The difference between traditional and mixed martial arts

The difference between traditional and mixed martial arts

Learning Traditional Martial Arts

part 2

Whats the difference between traditional and modern or mixed martial arts?

Lets have a look shall we?

Another word used in conjunction with or instead of the term “modern martial arts” is “reality based” which makes me wet myself with laughter every time I see it. So lets look at that first.

It all depends on what your reality is….Doesn’t it?

Traditional kung fu was born in a time where people were using it in actual life or death battles. Now I don’t know about you but someone trying to cleave me in half with a broadsword would conjure nightmares, reality or not. And if I were training for such a reality I think my training might have just a little more seriousness to it.
I believe, or should I say imagine (using the limited Chinese history I am aware of cause I wasn’t there), that walking through the streets of any given Chinese city in the early 1900’s would have been a more dangerous time than walking through the streets of downtown Leichhardt or Cronulla. Granted Kings Cross on a Saturday night may give you pause, and warrant alertness, and you may even find yourself needing your martial arts skills. And many people do find themselves in situations of negativity or conflict on a daily basis.
But in general, on a minute to minute who’s life was more dangerous scale. I think those living in the early 1900’s in China, would have had a little bit more to be concerned about than those of us walking around practicing kung fu in Sydney today. Our founders practiced and trained kung fu to protect their villages and family on a daily basis.

Once we get this reality based concept out of the way and strip martial arts back to its bare bones, what is left?

Techniques. (we will come back to this)

Now I hate to break this to you but it doesn’t take a rocket scientist to work out how to knock some one out.

It doesn’t even take a great teacher to show you how to knock someone out.

And further more, it takes about 5 minutes to show someone how to knock another person out.

So what are you doing all this Martial arts training for? Why are you working so hard?

I don’t know! Why are you?

Now, it is about this time that you should have some clear answers as to why you are training in a martial art. It’s ok if you don’t but in my experience, without clear reasons for training in the art of kung fu, it will inevitably become something that you used to do.
And your kung fu uniform will join the pile of clothes in the back of your wardrobe, where all of the past dalliances with hobbies or pastimes live.
Your reasons become your reality. Your reality is the reason that you train.
It could be purely for fitness and health, it maybe for self defence only, or you may want to compete in the sport based tournament martial arts. No reason for training a martial art is wrong or right. They just have different philosophies and fit different peoples needs and realities.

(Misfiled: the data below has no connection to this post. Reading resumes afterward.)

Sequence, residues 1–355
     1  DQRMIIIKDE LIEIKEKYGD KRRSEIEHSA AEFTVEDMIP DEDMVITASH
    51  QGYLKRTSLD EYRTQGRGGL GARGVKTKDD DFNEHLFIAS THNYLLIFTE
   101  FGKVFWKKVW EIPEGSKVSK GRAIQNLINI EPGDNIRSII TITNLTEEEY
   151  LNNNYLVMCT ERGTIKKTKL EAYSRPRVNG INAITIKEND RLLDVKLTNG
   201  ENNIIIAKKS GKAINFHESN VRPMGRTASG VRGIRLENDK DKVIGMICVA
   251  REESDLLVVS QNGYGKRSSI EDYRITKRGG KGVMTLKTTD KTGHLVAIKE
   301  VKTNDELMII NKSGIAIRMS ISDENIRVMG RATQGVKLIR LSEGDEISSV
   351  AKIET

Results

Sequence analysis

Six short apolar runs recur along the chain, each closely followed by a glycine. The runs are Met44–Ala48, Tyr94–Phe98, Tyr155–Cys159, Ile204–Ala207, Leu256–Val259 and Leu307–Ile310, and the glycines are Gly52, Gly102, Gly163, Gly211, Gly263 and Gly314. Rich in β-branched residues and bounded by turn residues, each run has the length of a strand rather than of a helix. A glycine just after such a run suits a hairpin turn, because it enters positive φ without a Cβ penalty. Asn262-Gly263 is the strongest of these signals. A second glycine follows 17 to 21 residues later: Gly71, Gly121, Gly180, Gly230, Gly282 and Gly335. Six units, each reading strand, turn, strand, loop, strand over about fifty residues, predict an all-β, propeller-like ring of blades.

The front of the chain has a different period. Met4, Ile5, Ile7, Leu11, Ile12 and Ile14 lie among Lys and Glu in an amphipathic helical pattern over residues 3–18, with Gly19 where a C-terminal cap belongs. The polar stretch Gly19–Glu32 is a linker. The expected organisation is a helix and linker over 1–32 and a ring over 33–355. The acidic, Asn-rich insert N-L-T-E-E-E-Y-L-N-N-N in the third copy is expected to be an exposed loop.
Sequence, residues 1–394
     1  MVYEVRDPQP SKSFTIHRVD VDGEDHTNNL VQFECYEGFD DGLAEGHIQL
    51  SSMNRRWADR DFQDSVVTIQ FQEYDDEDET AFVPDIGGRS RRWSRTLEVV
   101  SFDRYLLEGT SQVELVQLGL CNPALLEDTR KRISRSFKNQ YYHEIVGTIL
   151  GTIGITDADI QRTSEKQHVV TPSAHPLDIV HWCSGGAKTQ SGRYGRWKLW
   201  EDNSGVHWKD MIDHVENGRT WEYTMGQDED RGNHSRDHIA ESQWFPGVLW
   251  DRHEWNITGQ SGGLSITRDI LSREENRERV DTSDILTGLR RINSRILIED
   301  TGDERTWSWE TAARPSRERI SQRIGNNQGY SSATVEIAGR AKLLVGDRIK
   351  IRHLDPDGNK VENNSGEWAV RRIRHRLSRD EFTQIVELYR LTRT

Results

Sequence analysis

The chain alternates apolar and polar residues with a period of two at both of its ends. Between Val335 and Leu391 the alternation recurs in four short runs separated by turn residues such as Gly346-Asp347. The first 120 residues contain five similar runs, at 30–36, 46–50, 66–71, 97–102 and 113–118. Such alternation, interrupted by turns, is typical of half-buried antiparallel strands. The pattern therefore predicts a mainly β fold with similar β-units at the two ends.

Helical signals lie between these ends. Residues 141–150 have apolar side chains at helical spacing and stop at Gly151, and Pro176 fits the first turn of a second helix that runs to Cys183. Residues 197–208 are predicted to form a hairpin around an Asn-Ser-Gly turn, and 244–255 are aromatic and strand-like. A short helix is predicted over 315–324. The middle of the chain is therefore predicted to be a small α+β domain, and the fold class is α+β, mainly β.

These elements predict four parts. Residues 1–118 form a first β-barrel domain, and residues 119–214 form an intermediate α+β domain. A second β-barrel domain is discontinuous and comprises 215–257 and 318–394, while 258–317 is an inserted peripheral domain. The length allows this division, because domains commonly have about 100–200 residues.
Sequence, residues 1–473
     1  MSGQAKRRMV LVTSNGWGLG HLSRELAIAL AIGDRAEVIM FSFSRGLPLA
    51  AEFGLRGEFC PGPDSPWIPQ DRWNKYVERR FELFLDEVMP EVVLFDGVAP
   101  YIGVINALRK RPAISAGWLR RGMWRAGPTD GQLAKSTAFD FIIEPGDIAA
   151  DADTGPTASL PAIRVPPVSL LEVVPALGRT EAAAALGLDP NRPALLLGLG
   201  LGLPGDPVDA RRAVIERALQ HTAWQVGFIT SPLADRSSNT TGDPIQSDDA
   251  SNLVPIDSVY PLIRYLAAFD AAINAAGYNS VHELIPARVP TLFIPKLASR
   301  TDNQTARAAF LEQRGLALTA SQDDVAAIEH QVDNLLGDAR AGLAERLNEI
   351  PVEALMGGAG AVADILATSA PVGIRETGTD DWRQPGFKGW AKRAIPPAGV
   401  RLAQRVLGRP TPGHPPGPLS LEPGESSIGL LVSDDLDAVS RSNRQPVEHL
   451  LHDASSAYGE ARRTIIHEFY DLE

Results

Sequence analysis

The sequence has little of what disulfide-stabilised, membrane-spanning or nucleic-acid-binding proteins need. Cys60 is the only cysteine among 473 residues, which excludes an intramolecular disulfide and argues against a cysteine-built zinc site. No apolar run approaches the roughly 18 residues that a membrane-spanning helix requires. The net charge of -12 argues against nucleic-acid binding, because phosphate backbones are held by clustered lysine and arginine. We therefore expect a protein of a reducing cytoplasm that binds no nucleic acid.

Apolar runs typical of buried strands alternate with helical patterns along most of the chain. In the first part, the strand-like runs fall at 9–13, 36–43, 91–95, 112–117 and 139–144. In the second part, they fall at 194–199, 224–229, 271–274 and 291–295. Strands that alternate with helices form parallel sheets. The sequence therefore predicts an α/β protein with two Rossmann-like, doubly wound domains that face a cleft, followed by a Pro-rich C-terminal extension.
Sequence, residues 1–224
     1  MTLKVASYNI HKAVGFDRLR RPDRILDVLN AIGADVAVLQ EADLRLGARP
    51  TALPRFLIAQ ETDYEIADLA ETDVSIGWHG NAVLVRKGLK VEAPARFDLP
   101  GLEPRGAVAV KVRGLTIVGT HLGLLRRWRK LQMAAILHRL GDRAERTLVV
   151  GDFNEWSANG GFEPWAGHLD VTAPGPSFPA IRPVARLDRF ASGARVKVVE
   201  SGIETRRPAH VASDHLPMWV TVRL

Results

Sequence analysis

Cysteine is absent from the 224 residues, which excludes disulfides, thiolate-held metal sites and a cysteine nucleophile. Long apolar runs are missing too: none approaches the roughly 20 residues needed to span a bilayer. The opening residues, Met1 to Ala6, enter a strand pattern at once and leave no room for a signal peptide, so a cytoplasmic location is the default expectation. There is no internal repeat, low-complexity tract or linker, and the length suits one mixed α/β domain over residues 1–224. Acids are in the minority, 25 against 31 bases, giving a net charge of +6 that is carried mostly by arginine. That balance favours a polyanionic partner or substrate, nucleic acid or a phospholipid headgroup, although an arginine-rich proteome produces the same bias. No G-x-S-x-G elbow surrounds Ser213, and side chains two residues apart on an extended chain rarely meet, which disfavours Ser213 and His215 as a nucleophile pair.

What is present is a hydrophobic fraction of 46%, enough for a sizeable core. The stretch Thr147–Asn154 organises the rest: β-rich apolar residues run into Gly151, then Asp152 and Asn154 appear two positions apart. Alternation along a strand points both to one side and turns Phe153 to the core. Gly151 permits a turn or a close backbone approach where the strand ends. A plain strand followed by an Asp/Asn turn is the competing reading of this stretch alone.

To discuss this in light of the traditional martial arts we need to look at what a martial art is.

Martial – (the meaning suggested by the free online dictionary)
Of, relating to, or suggestive of war.
Relating to or connected with the armed forces or the profession of arms.
Characteristic of or befitting a warrior.

Art – (the meaning of suggested by the free online dictionary)
system of principles and methods employed in the performance of a set of activities
A trade or craft that applies such a system of principles and methods
Skill that is attained by study, practice, or observation: the art of the baker; the blacksmith’s art.
Skill arising from the exercise of intuitive faculties:

Each of the points listed above could be the basis for a whole other article on their own. The philosophical debate or arguments stemming from these types of definition are limitless.

Here is where I will put my own personal opinion and philosophy for why I train in kung fu, and love the traditional system and methods of traditional kung fu.

I will make a parallel that most people can understand.

If you were a brilliant painter embarking on a fine arts degree at university. In particular you loved using oil based paints on canvas as your medium for expressing your art. In your bachelor degree you would learn theories, practices and philosophies of many different types of fine art disciplines. Perhaps sculpture or different methods of illustration. Yet you still, and primarily will, always use and prefer a certain method or technique for your expression.

Jow Gar Kung Fu is a degree in the Chinese martial arts. Knowledge, techniques, history, philosophy all gained slowly over time absorbed and practiced. Granted, in a self defence situation you will not use the hundreds of techniques you have learned. Rather the few that you have specialised in and you prefer based on your style, body type and personality.

So we have come full circle for a moment. Do you just want to learn how to knock someone out? Or are you interested in the art, the acquiring of knowledge and understanding?